The church of Saints-Michel-et-Rolende is located on a fortified mediaeval site. Built from limestone, the church is dedicated to the worship of St Rolende and the archangel St Michael, patron saints of the building. The church is made up of a tower dating from the turn of the 16th and 17th centuries, a nave with three aisles, a massive unprominent transept and a narrow, semi-hexagonal chancel. The nave and transept each have three bays. The building has a hipped bâtière roof on a moulded cornice.
The tomb of St Rolende was the reason for the church being built. It was constructed in various phases from the 8th century onwards. From the pre-Romanesque phase there still remains the crypt, which dates from the 11th century, rediscovered in the middle of the 20th century. The tower and stair turret (south side) are Romanesque (12th century), modified in the 14th century. In the 16th century, the mediaeval church disappeared and a new structure built. The nave and side aisles were restored in 1615 and 1712. In 1770, the Gothic chancel was demolished, and two bays were added to the crossing and the arms of the transept. The church was restored during the second half of the 20th century by the architect S. Brigode. As part of this restoration a new walkway on two levels was installed.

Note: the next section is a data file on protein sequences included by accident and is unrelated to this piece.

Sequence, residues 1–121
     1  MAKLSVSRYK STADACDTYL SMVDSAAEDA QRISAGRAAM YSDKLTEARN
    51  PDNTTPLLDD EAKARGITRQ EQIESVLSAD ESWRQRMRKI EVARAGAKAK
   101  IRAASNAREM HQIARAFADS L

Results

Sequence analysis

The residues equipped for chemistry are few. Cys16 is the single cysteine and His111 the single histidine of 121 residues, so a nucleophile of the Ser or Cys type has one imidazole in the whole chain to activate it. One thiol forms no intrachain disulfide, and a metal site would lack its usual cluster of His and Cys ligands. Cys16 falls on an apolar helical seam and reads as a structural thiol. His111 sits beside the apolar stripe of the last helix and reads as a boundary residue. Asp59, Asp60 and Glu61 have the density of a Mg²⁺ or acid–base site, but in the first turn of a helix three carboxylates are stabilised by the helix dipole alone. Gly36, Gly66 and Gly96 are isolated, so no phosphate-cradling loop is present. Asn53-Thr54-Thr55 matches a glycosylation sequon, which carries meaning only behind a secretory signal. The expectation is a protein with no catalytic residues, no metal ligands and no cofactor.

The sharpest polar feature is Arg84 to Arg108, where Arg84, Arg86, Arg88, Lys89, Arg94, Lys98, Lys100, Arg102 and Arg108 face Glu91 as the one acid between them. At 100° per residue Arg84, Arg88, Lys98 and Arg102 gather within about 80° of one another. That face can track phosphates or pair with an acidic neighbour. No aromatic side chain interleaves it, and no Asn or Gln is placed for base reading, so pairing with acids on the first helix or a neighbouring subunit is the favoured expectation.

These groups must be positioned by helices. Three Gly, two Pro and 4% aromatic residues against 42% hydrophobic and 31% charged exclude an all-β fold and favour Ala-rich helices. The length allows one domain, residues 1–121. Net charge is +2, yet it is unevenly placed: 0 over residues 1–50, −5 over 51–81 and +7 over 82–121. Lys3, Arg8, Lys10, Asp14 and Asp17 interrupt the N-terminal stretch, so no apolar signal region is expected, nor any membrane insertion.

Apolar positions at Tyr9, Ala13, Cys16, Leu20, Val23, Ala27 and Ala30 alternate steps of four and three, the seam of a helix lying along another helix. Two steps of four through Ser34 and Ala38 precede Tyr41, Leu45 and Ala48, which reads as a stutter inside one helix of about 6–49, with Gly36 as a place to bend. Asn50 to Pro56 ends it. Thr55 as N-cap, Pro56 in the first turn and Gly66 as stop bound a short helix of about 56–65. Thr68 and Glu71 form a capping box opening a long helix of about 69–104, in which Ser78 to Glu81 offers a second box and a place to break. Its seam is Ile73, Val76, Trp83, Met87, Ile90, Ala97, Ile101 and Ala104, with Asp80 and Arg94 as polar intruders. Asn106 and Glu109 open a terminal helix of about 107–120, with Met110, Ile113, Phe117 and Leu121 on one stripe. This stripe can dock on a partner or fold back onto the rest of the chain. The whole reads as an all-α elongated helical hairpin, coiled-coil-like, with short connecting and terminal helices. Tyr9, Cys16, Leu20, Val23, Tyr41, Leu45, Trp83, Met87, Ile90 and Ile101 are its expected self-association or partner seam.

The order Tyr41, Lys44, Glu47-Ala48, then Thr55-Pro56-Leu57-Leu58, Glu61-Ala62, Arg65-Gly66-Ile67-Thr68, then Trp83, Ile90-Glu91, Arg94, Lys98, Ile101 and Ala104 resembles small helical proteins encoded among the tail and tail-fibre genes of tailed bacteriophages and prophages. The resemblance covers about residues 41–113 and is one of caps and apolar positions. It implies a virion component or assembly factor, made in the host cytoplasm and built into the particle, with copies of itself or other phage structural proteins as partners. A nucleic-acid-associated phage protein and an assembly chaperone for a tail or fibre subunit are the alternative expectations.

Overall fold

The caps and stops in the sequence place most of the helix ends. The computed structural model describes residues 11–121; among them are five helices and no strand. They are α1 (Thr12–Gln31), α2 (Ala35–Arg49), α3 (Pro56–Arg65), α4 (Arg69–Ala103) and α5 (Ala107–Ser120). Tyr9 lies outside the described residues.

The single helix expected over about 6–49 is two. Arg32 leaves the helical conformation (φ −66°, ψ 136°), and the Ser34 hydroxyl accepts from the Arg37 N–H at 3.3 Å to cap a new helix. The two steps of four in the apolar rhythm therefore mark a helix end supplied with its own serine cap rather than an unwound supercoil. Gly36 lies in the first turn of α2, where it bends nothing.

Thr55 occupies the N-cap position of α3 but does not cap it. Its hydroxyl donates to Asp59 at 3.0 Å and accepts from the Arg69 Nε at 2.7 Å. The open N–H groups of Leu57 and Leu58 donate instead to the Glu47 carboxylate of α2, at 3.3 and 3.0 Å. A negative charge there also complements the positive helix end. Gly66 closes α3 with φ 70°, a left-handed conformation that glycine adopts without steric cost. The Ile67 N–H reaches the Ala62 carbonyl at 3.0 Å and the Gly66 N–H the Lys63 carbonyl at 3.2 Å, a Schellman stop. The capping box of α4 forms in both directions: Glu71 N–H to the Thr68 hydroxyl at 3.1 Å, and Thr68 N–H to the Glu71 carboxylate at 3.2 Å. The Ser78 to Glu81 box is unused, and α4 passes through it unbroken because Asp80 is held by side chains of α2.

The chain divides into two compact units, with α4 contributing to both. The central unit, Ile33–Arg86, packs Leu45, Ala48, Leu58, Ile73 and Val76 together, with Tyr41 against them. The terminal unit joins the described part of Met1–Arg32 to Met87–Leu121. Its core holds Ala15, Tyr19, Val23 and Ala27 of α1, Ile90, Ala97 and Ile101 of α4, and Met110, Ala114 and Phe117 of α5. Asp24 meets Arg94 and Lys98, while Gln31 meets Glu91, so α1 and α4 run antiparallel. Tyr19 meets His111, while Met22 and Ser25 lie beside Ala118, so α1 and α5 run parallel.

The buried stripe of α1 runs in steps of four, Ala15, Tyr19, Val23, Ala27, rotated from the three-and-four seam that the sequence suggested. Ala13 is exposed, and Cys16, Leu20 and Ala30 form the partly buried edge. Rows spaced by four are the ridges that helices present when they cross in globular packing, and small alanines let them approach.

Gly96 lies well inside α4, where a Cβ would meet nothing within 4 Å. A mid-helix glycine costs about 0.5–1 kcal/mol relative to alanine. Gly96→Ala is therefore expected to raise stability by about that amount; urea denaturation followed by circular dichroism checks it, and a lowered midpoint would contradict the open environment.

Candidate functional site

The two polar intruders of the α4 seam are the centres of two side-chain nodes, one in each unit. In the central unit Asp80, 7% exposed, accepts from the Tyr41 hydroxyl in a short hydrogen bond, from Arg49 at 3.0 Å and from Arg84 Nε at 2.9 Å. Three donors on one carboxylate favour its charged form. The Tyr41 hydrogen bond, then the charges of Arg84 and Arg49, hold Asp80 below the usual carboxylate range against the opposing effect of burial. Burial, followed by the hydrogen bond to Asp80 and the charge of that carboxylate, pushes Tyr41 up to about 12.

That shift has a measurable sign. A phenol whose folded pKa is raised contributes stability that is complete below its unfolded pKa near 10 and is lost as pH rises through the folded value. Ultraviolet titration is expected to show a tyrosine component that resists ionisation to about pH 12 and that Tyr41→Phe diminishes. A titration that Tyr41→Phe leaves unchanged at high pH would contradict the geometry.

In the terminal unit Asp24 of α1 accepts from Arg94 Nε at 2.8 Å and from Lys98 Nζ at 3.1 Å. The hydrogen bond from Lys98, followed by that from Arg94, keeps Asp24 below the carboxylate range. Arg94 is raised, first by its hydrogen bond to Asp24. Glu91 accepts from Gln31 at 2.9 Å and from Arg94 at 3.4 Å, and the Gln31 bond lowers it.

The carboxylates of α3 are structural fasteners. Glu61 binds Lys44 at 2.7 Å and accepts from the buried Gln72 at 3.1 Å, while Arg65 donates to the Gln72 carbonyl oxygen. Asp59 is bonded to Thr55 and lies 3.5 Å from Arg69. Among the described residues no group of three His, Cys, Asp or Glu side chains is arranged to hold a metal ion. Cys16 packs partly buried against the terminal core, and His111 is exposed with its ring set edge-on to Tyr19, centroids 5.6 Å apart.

The façade of the massive tower is enclosed by corner chains and was restored in the 18th and 20th centuries. The square base of the tower is supported by a cornice on modillions and consists of a slate spire. The stair turret features arrow slits. Its base is made up of limestone support blocks and a chamfered plinth. It is topped with a cornice similar to the tower and a semi-conical roof.